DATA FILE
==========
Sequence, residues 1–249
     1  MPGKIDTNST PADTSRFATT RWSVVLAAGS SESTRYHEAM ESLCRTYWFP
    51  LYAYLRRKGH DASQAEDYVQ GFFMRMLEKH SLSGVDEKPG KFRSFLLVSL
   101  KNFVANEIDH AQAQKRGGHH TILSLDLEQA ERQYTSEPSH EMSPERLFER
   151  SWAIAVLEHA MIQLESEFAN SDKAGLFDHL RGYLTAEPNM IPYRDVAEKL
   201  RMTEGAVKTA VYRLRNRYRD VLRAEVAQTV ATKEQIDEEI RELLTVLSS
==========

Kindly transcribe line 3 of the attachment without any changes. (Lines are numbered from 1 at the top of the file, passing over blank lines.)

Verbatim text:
    51  LYAYLRRKGH DASQAEDYVQ GFFMRMLEKH SLSGVDEKPG KFRSFLLVSL